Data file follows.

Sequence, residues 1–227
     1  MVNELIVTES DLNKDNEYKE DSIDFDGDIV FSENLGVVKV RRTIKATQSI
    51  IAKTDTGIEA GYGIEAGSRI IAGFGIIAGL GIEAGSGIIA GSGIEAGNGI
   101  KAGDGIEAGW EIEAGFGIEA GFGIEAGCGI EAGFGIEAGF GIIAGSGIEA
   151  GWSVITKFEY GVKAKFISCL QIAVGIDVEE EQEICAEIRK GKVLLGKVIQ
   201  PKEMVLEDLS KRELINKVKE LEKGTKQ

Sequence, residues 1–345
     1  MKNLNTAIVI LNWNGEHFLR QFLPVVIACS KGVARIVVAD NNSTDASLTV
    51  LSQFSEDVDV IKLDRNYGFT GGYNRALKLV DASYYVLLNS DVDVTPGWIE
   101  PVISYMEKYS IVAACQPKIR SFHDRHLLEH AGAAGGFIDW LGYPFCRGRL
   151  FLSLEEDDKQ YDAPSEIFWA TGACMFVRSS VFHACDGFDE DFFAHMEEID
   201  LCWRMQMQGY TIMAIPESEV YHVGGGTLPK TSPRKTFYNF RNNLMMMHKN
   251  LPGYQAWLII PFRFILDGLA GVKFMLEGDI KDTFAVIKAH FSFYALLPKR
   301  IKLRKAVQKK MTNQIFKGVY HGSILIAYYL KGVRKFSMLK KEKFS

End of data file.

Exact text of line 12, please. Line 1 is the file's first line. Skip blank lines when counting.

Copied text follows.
   201  LCWRMQMQGY TIMAIPESEV YHVGGGTLPK TSPRKTFYNF RNNLMMMHKN